There follows a note concerning the 'Era of the Creation of the World' taken from the secular Encyclopaedia Britannica:
As the Greek and Roman methods of computing time were connected with certain pagan rites and observances which the Christians held in abhorrence, the latter began at an early period to imitate the Jews in reckoning their years from the supposed period of the creation of the world. Various computations were made at different times, from Biblical sources, as to the age of the world; and Des Vignoles, in the preface to his Chronology of Sacred History, asserts that he collected upwards of two hundred different calculations, the shortest of which reckons only 3483 years between the creation of the world and the commencement of the vulgar era, and the longest 6984. The so-called era of the creation of the world is therefore a purely conventional and arbitrary epoch; practically, it means the year 4004 B.C.,—this being the date which, under the sanction of Archbishop Ussher's opinion, won its way, among its hundreds of competitors, into general acceptance.
It must be understood that 4004bc is determined by Bishop Ussher as the year in which Adam brought death upon mankind by disobeying God. It is at this point that the generations of the book of Genesis begin. Up till now, this has been a good guide to enable us to grasp the dates of the events relating to Enoch's Apocalypse of Weeks**.
Enoch's ten weeks of 700years for each week[7000yrs] spans the activities of God and man between the Sin of Adam and The Day of God. The latter ends the Biblical record at the end of the Book of Revelation. The key event connecting the history of the Scripture and the verses of Enoch's Apocalypse of Weeks is the destruction of The Temple in 69/70ad. This event comes at the close of Enoch's sixth week, indicating that six weeks of 700years per week[4200yrs] takes us back to the date of Adam's sin. From the 4200 we must subtract 69 [minus 1...adjustment bc to ad] which gives us 4132 years bc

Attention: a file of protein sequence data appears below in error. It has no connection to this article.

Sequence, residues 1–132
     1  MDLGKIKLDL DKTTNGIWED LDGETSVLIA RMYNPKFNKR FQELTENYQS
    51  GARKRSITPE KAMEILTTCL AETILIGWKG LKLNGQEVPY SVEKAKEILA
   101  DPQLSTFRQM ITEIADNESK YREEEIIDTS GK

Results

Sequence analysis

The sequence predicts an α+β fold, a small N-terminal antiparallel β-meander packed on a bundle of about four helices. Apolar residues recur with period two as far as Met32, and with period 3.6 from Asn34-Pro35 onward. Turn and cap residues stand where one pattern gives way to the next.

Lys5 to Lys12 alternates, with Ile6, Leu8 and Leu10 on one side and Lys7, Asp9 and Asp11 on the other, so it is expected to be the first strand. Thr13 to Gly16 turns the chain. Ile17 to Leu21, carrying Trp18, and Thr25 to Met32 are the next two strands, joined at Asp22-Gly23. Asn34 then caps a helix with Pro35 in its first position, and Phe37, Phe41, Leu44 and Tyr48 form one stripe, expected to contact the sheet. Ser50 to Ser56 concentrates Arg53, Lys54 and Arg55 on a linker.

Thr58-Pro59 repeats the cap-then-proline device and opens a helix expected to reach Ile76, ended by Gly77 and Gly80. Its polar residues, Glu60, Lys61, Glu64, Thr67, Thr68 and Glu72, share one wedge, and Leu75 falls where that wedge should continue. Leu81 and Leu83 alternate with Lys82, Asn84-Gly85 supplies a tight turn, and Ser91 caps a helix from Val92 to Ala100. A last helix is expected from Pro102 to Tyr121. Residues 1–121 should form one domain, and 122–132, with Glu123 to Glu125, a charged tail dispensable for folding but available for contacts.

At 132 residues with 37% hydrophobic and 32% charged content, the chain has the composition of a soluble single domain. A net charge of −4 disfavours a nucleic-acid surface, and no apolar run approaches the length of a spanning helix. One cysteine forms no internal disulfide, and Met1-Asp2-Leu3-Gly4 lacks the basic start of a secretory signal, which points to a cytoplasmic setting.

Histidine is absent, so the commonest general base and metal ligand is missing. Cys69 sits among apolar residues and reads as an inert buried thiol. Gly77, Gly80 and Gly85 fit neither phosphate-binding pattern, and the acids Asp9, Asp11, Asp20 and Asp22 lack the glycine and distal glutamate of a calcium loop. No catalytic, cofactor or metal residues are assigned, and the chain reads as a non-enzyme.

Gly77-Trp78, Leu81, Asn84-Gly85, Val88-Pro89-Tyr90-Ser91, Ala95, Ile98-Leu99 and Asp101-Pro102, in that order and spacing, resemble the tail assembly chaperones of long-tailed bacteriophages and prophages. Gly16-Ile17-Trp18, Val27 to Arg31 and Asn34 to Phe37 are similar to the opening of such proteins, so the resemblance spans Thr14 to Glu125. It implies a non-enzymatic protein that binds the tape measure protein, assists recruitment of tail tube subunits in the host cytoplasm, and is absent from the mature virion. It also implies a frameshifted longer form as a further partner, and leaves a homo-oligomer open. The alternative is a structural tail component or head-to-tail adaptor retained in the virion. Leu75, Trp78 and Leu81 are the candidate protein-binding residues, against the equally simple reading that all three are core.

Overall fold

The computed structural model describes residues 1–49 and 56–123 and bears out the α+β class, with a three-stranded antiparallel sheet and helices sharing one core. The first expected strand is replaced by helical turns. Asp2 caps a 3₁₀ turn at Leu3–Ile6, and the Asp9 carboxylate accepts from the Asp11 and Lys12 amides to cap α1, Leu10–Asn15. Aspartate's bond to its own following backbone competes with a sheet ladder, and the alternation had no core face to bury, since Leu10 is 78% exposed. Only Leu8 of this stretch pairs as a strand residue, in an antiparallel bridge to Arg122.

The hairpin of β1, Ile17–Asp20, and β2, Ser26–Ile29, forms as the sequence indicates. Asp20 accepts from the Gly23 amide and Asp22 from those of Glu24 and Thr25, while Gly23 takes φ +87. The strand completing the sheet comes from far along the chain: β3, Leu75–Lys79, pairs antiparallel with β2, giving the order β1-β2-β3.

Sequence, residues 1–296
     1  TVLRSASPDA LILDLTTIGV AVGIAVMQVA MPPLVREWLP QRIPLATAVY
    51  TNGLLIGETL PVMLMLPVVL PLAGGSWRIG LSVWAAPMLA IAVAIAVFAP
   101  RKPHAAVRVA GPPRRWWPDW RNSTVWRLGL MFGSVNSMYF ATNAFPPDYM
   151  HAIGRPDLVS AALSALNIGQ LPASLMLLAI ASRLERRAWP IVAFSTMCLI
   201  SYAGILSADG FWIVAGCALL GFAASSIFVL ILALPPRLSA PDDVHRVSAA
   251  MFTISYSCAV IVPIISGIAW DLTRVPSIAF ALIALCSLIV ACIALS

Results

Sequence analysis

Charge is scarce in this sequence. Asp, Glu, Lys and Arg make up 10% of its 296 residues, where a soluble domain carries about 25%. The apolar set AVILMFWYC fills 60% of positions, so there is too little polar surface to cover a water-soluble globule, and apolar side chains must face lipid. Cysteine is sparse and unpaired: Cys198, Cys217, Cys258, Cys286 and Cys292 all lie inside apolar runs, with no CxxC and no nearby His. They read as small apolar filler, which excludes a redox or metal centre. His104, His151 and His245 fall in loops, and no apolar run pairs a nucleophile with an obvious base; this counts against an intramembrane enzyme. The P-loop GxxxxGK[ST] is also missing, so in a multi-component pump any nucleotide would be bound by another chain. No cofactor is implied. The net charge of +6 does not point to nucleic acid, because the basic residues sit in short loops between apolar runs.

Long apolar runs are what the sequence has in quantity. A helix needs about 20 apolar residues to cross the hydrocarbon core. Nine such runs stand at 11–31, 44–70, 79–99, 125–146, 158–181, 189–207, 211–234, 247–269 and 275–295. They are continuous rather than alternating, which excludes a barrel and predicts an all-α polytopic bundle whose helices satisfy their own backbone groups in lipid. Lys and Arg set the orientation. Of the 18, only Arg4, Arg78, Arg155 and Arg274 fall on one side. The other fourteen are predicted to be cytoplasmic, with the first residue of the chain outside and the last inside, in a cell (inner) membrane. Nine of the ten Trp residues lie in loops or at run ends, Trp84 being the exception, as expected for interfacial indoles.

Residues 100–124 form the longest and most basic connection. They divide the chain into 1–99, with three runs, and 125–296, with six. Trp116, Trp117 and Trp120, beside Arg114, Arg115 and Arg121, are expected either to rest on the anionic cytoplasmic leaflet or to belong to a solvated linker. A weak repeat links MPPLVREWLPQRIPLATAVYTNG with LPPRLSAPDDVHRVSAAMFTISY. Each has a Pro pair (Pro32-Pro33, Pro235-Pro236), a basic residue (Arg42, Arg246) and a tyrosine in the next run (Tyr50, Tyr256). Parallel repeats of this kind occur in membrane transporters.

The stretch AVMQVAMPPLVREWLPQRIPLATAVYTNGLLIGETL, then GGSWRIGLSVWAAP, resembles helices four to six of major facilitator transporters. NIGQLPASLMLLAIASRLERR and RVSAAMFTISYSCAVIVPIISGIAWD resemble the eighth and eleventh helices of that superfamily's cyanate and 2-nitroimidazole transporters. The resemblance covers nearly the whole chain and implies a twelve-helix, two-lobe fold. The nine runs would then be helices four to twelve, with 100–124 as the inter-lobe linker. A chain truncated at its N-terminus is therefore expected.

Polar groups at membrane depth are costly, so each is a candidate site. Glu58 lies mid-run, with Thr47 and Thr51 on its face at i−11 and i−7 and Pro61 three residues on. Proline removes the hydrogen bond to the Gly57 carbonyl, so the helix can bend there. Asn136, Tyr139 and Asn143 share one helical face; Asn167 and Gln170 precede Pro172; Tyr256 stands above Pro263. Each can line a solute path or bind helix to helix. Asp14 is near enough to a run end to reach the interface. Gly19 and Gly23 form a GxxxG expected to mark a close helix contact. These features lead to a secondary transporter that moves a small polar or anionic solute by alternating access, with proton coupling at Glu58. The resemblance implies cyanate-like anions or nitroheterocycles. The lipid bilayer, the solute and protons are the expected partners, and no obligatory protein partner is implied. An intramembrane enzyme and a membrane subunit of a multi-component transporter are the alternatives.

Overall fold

In the following chart, these years of Enoch's Apocalypse are shown running parallel to the 'Anno Domini'[ad] and 'Before Christ'[bc] dating:
With the addition of the two hidden Administrations, 1960yrs for that of God's Grace and 140yrs for that of The Fullness of Times, we arrive at an end date of 4969ad when The Day of God is introduced. The chart that follows shows these two Administrations as gaps in Enoch's timings. Also shown are The Last Days period split into two parts because of God's postponement of His Kingdom in Israel at 62ad when the apostle Paul quoted from the prophet Isaiah as recorded in Acts 28:28, Spiritually blinding the nation of the Jews.
A further 700years is added at the beginning of the chart to allow for the 7 days of God's reformation and creation of the Earth. It was at the beginning of the eighth day that God discovered Adam's sin which thereby brought death upon all.The length of Enoch's week is the same week length as that of God's reformation and creation......700years.
The total span of time is therefore 9200years which splits exactly into two parts at the time of The Temple's destruction. Each part is 100x of years.